New Data Support Long-term Efficacy, Safety of Isturisa

Marisa Wexler, MS avatar

by Marisa Wexler, MS |

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Isturisa | Cushing's Disease News | LINC-3 clinical trial | clinical trials illustration

Treatment with Isturisa (osilodrostat) normalized urine cortisol levels up to nearly 1.5 years in people with Cushing’s disease, according to data from the Phase 3 LINC-4 clinical trial.

Data from another Phase 3 trial, LINC-3 (NCT02180217), showed that testosterone levels were generally stable among Cushing’s patients treated with Isturisa, and real-world data from another study showed no new safety issues related to the treatment.

These findings were shared by Recordati Rare Diseases, which markets Isturisa, across three presentations at the annual ENDO 2022 meeting June 11–14 in Atlanta.

“The data from these studies reinforces the efficacy and safety of Isturisa as a treatment for patients with Cushing’s disease,” Mohamed Ladha, president and general manager of North American business at Recordati, said in a press release.

“We are pleased to share these data with the endocrine community and are excited to provide patients with a much-needed step forward in the management of this rare, debilitating, and potentially life-threatening condition,” added Ladha.

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Cushing’s disease is characterized by abnormally high levels of the stress hormone cortisol, which ultimately cause the disease’s symptoms. Isturisa is an approved Cushing’s treatment that works by blocking cortisol production.

In the LINC-4 clinical trial (NCT02697734), people with persistent or recurrent Cushing’s disease were given Isturisa or a placebo for 12 weeks. All participants then were treated with Isturisa for up to 72 weeks (nearly 1.5 years).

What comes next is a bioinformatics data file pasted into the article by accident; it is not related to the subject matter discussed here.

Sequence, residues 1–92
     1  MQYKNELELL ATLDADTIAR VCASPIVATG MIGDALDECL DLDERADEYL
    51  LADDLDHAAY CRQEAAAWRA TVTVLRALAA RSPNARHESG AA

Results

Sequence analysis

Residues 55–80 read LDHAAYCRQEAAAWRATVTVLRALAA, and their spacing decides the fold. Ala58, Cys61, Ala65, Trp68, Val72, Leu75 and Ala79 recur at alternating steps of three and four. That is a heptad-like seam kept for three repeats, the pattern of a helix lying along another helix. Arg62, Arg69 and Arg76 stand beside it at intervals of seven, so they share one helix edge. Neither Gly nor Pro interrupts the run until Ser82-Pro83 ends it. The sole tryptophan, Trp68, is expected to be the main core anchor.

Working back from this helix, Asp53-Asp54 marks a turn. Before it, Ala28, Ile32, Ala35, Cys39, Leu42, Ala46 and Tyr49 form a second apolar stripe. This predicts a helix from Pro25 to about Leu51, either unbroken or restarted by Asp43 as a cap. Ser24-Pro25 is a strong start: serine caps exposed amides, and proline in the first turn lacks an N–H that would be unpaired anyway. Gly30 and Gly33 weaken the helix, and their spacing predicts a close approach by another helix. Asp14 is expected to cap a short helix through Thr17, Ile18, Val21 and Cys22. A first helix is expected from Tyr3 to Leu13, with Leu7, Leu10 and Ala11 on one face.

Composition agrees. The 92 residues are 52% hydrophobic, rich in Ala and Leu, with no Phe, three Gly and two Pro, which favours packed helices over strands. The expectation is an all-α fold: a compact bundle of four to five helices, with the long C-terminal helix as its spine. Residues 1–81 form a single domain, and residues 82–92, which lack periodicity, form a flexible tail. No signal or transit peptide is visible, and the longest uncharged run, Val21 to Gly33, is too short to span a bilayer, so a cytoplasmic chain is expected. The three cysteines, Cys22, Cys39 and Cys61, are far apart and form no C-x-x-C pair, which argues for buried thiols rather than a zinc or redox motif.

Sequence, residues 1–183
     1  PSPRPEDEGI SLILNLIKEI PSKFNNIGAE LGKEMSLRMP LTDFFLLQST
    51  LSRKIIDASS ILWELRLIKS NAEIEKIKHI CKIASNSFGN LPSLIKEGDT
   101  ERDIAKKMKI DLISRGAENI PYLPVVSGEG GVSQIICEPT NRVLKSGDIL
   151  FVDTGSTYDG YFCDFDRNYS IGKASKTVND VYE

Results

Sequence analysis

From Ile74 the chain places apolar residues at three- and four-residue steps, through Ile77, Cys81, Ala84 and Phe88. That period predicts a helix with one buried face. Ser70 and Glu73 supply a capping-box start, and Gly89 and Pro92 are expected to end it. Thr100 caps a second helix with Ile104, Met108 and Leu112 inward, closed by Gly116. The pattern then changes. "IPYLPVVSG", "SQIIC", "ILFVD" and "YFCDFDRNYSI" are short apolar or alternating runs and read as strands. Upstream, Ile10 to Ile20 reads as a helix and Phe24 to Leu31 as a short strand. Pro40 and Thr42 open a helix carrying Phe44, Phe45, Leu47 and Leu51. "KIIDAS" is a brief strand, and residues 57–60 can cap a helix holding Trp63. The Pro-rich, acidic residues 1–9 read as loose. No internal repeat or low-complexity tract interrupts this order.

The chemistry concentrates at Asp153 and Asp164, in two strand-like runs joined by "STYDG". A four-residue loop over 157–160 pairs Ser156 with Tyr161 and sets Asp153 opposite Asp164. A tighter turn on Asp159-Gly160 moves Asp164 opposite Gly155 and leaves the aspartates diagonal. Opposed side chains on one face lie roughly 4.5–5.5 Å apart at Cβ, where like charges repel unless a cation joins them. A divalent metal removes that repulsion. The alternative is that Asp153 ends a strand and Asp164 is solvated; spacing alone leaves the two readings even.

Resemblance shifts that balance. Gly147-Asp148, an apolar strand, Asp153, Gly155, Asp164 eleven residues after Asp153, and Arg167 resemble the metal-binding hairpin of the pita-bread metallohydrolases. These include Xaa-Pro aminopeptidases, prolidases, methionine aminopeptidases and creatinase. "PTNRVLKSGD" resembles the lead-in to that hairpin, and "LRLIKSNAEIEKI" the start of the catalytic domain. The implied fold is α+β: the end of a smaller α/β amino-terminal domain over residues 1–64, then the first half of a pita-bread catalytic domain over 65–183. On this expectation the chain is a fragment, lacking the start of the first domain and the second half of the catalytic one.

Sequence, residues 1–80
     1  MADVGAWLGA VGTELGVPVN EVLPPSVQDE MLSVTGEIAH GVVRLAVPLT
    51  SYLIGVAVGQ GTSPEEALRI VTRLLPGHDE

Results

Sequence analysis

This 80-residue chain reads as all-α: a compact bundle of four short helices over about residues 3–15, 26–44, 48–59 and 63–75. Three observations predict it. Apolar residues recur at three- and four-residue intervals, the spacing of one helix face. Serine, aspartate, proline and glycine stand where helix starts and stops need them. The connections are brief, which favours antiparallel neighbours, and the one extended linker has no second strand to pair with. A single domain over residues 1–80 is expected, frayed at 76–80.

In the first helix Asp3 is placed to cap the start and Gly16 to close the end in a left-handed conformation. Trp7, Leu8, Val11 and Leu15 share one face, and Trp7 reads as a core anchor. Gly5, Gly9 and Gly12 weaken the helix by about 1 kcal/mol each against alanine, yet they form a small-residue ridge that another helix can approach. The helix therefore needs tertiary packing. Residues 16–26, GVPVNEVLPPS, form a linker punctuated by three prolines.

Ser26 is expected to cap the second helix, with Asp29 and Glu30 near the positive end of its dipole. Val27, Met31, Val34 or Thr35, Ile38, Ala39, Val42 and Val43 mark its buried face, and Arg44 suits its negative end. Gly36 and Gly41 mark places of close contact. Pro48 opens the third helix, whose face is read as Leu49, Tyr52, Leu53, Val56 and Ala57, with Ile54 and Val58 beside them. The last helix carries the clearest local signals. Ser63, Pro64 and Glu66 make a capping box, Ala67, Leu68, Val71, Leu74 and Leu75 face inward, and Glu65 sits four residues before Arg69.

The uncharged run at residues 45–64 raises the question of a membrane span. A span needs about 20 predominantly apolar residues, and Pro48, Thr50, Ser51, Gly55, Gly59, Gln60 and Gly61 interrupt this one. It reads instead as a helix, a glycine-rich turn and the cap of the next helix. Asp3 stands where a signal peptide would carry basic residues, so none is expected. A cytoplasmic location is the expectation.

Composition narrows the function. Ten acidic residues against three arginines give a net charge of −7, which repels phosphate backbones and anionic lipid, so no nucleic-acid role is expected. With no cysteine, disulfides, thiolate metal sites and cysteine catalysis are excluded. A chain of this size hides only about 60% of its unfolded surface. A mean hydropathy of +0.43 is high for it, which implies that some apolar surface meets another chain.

Previous data showed the trial met its main goal, with a significantly higher proportion of patients treated with Isturisa achieving normal urinary cortisol levels after 12 weeks compared with those given a placebo (77% vs. 8%).

Data presented at ENDO 2022 showed that at week 48, 50 of 73 patients (68.5%) had normal urinary cortisol levels. At week 72, urinary cortisol levels were normal in 40 of 65 evaluable participants (61.5%).

The most common side effects reported during the trial included decreased appetite (46.6%), joint pain (45.2%), fatigue (39.7%), nausea (37.0%), headache (34.2%), and dizziness (30.1%).

LINC-3 enrolled 137 people with Cushing’s disease. All participants were given Isturisa, with some briefly switching to a placebo during the trial’s first year. Previous data from LINC-3 showed that Isturisa was well-tolerated, and able to rapidly and sustainably lower urine cortisol levels.

At ENDO 2022, researchers presented findings about how the treatment altered testosterone levels over a median Isturisa exposure time of nearly 2.5 years.

Results showed that testosterone levels increased somewhat after patients started treatment with Isturisa. With continued treatment, testosterone levels stabilized in males and dropped in females. Only two participants discontinued treatment due to hormone-related side effects.

Among female participants with available data, scores on hirsutism — unusually dark, coarse body hair, often related to high testosterone levels — either were stable or improved in 63  of 76 patients (83%) at week 48, and in 55 of 64 patients (86%) at week 72.

A final presentation at ENDO 2022 focused on data from 42 patients with endogenous Cushing’s syndrome, including 34 with Cushing’s disease, who were treated with Isturisa in a real-world study called ILLUSTRATE.

About two-thirds of Cushing’s disease patients included in the analysis were started on a dose similar to that used in clinical trials.

Results revealed no new safety findings, and high treatment persistence (95.8%) among patients who enrolled in the study at least six months prior to its end. Data from ILLUSTRATE also demonstrated that, in agreement with previous studies, patients in whom treatment doses were gradually upped over a long period of time tended to show higher treatment persistence.